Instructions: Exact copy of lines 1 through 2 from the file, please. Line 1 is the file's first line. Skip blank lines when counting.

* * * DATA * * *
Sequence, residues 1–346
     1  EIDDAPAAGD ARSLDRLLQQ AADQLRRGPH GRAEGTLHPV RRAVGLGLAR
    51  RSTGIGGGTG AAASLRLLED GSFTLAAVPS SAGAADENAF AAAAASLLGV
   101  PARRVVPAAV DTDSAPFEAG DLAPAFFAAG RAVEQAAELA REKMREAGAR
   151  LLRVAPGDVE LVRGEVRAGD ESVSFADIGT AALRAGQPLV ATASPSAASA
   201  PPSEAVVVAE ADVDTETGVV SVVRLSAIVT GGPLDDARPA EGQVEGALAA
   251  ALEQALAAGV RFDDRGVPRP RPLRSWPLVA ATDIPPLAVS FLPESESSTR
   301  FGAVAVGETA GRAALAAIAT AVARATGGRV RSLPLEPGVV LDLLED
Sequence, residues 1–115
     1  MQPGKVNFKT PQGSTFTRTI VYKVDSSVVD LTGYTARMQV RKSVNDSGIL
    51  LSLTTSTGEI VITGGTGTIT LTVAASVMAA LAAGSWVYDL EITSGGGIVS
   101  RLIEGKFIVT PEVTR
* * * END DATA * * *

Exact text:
Sequence, residues 1–346
     1  EIDDAPAAGD ARSLDRLLQQ AADQLRRGPH GRAEGTLHPV RRAVGLGLAR